2 Comments

    Don’t blame Claude Julien if Wednesday made him think of better times, and not just because it was his welcome back night in Boston.

    Coming into this one, it was a tale of two teams going in opposite directions, and the teams stuck to their scripts. The Boston Bruins remain red-hot with a 4-1 win, while the Montreal Canadiens are mired in mediocrity .. or worse?

    When you’re as disappointing as the Canadiens have been, plenty of things are going wrong. It was a weak start even with a 1-0 lead and 1-1 first period in mind, and it obviously didn’t get any better.

    Nights like these have to sting for Julien, a coach known for his sophisticated systems and eye for defensive detail.

    There are questions about Max Pacioretty possibly being trade bait. People wonder if Jonathan Drouin or Alex Galchenyuk fit as centers, or if neither work that way. Yet, these performances make you realize that as exasperated as management must be, they may also appreciate more specific distractions.

    Because, frankly, this was a team … non-effort.

    Then again, the Bruins are a red-hot squad, so maybe they shine an especially harsh light on the Habs’ haplessness?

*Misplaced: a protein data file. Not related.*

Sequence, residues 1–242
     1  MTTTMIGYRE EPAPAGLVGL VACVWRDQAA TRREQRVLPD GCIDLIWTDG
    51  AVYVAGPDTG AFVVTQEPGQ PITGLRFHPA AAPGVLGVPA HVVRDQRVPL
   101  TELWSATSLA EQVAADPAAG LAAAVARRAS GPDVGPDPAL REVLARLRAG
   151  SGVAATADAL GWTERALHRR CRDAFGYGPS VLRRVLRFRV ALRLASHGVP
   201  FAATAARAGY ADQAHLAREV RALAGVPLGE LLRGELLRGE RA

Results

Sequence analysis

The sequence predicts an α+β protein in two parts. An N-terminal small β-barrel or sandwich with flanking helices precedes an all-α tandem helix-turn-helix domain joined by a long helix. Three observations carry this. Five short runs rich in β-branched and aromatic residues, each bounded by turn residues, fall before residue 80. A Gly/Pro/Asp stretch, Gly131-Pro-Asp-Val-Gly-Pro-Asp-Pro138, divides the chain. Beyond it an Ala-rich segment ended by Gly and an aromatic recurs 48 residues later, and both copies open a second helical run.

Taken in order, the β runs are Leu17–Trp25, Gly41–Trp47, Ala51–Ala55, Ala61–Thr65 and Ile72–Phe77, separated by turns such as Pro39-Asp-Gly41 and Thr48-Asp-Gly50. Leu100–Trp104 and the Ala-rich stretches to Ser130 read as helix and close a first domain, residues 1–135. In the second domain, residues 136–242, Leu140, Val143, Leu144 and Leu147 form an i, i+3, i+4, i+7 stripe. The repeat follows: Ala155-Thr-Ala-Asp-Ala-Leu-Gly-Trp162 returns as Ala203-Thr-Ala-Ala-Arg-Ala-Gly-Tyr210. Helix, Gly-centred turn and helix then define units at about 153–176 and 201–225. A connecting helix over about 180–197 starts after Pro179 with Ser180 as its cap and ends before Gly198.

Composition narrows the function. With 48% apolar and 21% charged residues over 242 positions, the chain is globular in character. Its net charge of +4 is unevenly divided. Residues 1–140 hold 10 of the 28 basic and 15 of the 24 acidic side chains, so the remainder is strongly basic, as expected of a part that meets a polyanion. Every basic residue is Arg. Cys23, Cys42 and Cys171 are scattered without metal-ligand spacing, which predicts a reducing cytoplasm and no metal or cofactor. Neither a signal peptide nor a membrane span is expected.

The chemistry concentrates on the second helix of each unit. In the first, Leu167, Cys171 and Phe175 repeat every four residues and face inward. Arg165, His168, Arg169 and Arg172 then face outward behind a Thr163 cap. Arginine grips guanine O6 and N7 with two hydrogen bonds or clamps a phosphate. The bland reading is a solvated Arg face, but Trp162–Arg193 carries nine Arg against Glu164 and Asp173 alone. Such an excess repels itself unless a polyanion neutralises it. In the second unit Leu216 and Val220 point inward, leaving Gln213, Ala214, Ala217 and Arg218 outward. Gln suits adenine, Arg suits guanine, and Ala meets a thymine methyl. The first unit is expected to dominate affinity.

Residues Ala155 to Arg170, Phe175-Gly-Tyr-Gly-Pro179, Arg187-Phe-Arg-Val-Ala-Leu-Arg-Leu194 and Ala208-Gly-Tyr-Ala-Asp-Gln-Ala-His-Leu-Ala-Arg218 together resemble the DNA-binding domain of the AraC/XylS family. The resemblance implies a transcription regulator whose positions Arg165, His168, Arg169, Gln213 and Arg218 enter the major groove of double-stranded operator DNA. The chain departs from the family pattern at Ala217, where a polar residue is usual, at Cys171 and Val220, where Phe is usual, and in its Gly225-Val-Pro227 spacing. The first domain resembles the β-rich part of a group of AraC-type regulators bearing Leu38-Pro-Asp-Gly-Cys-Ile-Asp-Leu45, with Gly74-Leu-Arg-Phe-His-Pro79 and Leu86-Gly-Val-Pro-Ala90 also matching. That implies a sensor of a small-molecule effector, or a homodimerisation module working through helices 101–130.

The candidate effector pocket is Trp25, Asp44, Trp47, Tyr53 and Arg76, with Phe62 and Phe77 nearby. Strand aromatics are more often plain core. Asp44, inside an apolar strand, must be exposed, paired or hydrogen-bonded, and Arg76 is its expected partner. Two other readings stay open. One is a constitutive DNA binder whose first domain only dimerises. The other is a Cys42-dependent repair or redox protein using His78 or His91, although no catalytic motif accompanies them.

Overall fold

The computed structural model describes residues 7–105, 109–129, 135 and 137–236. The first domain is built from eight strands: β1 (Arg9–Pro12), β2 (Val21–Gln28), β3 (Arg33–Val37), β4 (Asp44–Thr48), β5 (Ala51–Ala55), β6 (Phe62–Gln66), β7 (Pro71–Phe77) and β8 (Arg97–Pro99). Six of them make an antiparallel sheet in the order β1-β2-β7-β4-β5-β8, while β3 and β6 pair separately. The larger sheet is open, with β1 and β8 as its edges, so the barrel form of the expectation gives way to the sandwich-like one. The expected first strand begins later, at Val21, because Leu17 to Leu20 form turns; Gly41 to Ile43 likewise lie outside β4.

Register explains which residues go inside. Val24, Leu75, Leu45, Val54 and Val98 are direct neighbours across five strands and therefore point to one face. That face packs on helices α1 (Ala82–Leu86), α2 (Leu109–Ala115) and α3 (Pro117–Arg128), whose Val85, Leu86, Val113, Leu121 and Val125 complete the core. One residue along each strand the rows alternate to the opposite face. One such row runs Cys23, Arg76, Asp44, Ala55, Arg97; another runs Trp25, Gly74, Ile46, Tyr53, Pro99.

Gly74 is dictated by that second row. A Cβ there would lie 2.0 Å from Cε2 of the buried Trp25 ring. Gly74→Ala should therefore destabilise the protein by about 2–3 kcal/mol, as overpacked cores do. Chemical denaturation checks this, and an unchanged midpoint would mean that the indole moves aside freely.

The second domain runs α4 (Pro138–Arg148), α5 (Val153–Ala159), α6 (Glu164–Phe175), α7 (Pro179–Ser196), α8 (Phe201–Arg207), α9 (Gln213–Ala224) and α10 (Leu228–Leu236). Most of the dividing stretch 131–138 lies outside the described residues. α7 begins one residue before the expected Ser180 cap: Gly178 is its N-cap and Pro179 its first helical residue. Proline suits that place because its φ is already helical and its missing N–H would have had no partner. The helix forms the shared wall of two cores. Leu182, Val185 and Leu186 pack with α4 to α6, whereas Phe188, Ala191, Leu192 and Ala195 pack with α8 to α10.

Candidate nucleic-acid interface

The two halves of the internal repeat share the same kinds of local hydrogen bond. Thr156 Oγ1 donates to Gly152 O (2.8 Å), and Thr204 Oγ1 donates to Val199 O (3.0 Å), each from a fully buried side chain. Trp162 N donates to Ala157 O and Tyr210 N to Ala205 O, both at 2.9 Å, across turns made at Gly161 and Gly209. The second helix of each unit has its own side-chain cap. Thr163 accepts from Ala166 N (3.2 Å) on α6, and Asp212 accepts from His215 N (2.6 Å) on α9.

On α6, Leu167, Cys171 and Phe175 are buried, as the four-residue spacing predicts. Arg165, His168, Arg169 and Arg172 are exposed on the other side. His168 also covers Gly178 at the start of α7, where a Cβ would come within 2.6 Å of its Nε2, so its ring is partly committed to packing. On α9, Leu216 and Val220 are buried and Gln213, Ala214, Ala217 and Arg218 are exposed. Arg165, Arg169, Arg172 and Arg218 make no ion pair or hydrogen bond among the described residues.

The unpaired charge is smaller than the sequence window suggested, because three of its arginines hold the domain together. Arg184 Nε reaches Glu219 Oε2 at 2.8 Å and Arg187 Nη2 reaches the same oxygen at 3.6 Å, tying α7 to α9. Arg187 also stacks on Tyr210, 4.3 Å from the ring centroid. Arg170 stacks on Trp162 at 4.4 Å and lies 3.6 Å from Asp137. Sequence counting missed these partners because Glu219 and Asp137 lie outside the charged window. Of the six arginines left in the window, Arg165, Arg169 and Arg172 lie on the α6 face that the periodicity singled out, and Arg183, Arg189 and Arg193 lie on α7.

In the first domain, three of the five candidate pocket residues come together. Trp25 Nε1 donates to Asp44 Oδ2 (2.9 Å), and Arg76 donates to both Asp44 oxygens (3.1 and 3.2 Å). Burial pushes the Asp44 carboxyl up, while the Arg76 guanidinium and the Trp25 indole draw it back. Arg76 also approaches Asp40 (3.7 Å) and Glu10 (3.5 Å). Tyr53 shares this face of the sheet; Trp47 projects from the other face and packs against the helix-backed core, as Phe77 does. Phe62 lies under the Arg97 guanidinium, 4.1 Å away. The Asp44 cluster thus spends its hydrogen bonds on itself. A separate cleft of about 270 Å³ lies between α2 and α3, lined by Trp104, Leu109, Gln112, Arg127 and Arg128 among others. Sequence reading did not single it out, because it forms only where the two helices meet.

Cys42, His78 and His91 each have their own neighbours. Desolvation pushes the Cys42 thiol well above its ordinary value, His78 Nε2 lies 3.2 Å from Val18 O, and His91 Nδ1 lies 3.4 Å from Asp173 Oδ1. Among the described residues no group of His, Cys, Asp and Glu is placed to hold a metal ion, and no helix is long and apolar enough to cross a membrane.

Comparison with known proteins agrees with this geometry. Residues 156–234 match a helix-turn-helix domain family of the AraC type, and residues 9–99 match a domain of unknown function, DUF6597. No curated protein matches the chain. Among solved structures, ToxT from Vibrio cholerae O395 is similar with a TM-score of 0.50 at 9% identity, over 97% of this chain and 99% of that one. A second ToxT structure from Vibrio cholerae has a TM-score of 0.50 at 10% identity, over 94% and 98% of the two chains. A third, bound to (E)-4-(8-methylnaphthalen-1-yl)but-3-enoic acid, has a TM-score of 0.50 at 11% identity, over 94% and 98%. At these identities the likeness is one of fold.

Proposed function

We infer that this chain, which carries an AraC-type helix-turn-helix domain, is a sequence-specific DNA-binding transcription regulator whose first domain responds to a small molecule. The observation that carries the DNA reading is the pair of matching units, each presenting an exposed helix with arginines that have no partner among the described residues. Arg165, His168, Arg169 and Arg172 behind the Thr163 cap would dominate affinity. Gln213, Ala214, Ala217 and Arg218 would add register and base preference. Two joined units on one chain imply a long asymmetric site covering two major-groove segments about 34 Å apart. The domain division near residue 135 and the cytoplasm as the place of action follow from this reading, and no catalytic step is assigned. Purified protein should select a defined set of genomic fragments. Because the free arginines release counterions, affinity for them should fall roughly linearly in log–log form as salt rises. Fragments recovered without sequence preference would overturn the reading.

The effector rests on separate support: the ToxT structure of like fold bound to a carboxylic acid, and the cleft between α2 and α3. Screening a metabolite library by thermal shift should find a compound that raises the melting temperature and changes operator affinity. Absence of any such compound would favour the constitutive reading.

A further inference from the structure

Boston generated a 32-22 shots on goal advantage in this one, with multiple contributors stepping up. Big guns came through (Brad Marchand and David Pastrnak were among the goal scorers, Patrice Bergeron collected two assists), while David Backes and others added to the fun.

    It was the kind of effort Julien would have been very happy with, if it didn’t come at his expense.

    James O’Brien is a writer for Pro Hockey Talk on NBC Sports. Drop him a line at phtblog@nbcsports.com or follow him on Twitter @cyclelikesedins.

    WATCH LIVE: Pittsburgh Penguins at Anaheim Ducks

    Getty
    Leave a comment

    CLICK HERE TO WATCH LIVE

    PROJECTED LINEUPS

    Pittsburgh Penguins

    Dominik SimonSidney Crosby — Daniel Sprong

    Carl HagelinEvgeni MalkinPatric Hornqvist

    Conor ShearyJake GuentzelPhil Kessel

    Tom KuhnhacklRiley SheahanRyan Reaves

    Brian DumoulinKris Letang

    Olli MaattaJustin Schultz

    Matt HunwickJamie Oleksiak

    Starting goalie: Tristan Jarry

    [NHL on NBCSN doubleheader: Canadiens vs. Bruins; Penguins vs. Ducks]

    Ducks

    Rickard RakellRyan GetzlafCorey Perry

    Derek GrantRyan KeslerJakob Silfverberg

    Nick RitchieAdam HenriqueOndrej Kase

    Chris WagnerAntoine VermetteJ.T. Brown

    Cam FowlerKevin Bieksa

    Hampus LindholmJosh Manson

    Francois BeaucheminBrandon Montour

    Starting goalie: John Gibson